The Long Road

The Happy Couple

For a very long time now, when the conversation turns to relationships, people younger than I always marvel at how young I was when I got married.  The questioners are inevitably thirty-somethings who live in the city and are unattached and thinking their having the time of their lives, gallivanting around from bar to bar, ending at one filled with college kids with their hats turned backwards wearing t-shirts that were last laundered by the factory before they were sold.  Good times.

“You were twenty-three when you got married?!”

Yes, I was. But the truth of the matter is that we met on June 16, 1984, had our first date on June 30th and had essentially agreed to get married by September–when  I had just turned twenty-two.  So think about that kids–23 and we knew each other for about four months and we had a done deal.

It was a whirlwind.  A very fast and deep friendship developed instantly, then it was off to the races.  A fourth of July weekend on her high school friend’s boat, an August introduction to her entire family–still one of the loudest gatherings of 13 people I’ve ever attended–then a September trip to see mine.  My father hadn’t been in her presence for more than a couple of hours when I told him that I was finished looking.  This was it.  It wasn’t going to get any better than this.  I had found her.  He understood.

There was magic in her eyes and in her laugh. She committed the grave mistake of laughing at things I found funny, which just encouraged me (still does).  I think our fate was sealed when we laughed together at lunch one day about the use of “Morning Has Broken” in church, only to see it on a video tape they showed us in training class that afternoon. Hilarity ensued.  The two of us, sitting across the room from each other made fools of ourselves trying to stifle our laughter.  Only the two of us were in on the joke.  Our joke.

No matter who was in the room, she was the most interesting person I could find to talk to.  And on one very warm, humid July day in 1986, she agreed to be my wife.  To this day it was the greatest and most humbling thing that’s ever happened to me.  Everything that’s followed it has paled in comparison.

I remind my young friends that this is not a contest to see who can hold out the longest.  You’re lucky in life if you can find one person with whom you want to spend the rest of your days and you’re a fool if you let that person walk away from you simply because you’re “not ready”.  Life is too short and loneliness is too tough.  Your aim is to “be ready”, because sometimes the best things come to you without warning.

. . .

Our lives since then have been much like the Kennedy expressway.  Smooth and straight for stretches, then curvy and full of potholes that come upon you without warning.  Followed by orange construction cones as far as the eye can see as the highway gets repaired and smoothed out.  Some times you can speed through it and other times it seems like it takes days to make it to the destination.  But the road never closes and there’s always a path through it, no matter how bad the accident is.

There’s no way to do justice to all that we’ve been through together.  The kids.  The victories large and small, the inconveniences, and mild tragedies.  Some self-imposed, others thrust upon us.  All done together–the only way I could have ever survived it.  There is still magic in her eyes and in her laughter.  It is the elixir of my life.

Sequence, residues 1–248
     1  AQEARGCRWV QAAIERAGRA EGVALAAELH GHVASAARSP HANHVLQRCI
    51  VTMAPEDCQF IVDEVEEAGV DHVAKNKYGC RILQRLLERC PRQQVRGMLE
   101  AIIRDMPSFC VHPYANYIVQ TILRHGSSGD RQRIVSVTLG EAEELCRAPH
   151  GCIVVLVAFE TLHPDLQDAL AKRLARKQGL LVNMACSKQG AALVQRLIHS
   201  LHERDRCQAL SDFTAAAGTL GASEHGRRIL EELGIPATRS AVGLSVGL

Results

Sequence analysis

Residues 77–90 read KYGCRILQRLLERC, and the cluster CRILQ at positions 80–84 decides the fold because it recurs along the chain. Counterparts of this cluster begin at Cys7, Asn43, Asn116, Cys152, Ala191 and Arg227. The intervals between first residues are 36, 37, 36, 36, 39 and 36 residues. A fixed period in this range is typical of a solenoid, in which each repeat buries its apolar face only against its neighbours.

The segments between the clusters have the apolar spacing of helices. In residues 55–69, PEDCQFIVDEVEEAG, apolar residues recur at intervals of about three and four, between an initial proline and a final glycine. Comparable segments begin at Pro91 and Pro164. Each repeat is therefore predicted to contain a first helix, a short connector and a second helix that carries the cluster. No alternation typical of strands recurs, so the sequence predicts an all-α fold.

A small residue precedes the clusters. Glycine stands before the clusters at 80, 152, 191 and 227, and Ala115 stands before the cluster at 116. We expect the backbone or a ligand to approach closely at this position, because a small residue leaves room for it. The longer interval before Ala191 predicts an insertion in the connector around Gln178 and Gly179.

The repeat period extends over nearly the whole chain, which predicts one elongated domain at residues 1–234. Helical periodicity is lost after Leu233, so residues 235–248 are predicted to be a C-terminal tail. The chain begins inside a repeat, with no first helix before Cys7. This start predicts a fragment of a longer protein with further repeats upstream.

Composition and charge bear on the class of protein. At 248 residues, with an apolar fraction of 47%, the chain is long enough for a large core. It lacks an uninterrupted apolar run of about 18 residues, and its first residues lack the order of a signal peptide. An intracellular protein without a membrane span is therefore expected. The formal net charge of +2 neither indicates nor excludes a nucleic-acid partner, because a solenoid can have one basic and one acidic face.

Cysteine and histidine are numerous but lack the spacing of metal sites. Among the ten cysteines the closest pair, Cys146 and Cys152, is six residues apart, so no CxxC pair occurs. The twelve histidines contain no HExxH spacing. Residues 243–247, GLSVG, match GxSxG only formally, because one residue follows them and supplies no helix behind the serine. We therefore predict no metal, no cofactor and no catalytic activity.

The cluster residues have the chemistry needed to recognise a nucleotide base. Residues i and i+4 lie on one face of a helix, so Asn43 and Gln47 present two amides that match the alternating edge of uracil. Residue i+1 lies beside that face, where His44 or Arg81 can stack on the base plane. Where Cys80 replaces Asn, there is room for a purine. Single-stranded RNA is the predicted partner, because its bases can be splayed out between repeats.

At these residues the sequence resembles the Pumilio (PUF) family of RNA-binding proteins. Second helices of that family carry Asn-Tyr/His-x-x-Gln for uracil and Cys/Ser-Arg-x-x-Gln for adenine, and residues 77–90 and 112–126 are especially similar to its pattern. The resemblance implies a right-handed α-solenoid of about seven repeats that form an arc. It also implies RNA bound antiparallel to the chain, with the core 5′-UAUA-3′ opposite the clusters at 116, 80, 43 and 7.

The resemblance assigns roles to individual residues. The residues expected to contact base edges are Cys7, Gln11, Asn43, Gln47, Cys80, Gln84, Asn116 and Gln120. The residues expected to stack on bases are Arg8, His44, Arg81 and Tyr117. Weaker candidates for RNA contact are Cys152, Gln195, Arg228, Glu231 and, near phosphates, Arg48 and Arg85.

Those that know me understand that there’s no higher compliment to be paid to her than to say that she has successfully endured me and my nonsense for these last twenty-five years.  All of it with her dignity and sense of humor largely intact.  What has appeared on these pages doesn’t even get you to the Base Camp of the Everest of the challenges I present and that she has managed with such aplomb.

. . .

Neither of us suffer campiness lightly.  As noted above, it’s one of the common traits that bind us together.   I found the first stanza of the poem below a while ago and only recently realized that it was part of a much longer piece by Roy Croft.  I understand it’s one of those things that people have read at their weddings along with the “clanging gong” letter from St. Peter.  Be that as it may, it reflects my feelings of love and gratitude better than I could myself.

Thanks, Midge.  I love you.  Happy Anniversary.

I love you,
Not only for what you are,
But for what I am
When I am with you.

I love you,
Not only for what
You have made of yourself,
But for what
You are making of me.
I love you
For the part of me
That you bring out;
I love you
For putting your hand
Into my heaped-up heart
And passing over
All the foolish, weak things
That you can’t help
Dimly seeing there,
And for drawing out
Into the light
All the beautiful belongings
That no one else had looked
Quite far enough to find.

I love you because you
Are helping me to make
Of the lumber of my life
Not a tavern
But a temple;
Out of the works
Of my every day
Not a reproach
But a song.

I love you
Because you have done
More than any creed
Could have done
To make me good
And more than any fate
Could have done
To make me happy.
You have done it
Without a touch,
Without a word,
Without a sign.
You have done it
By being yourself.
Perhaps that is what
Being a friend means,
After all.

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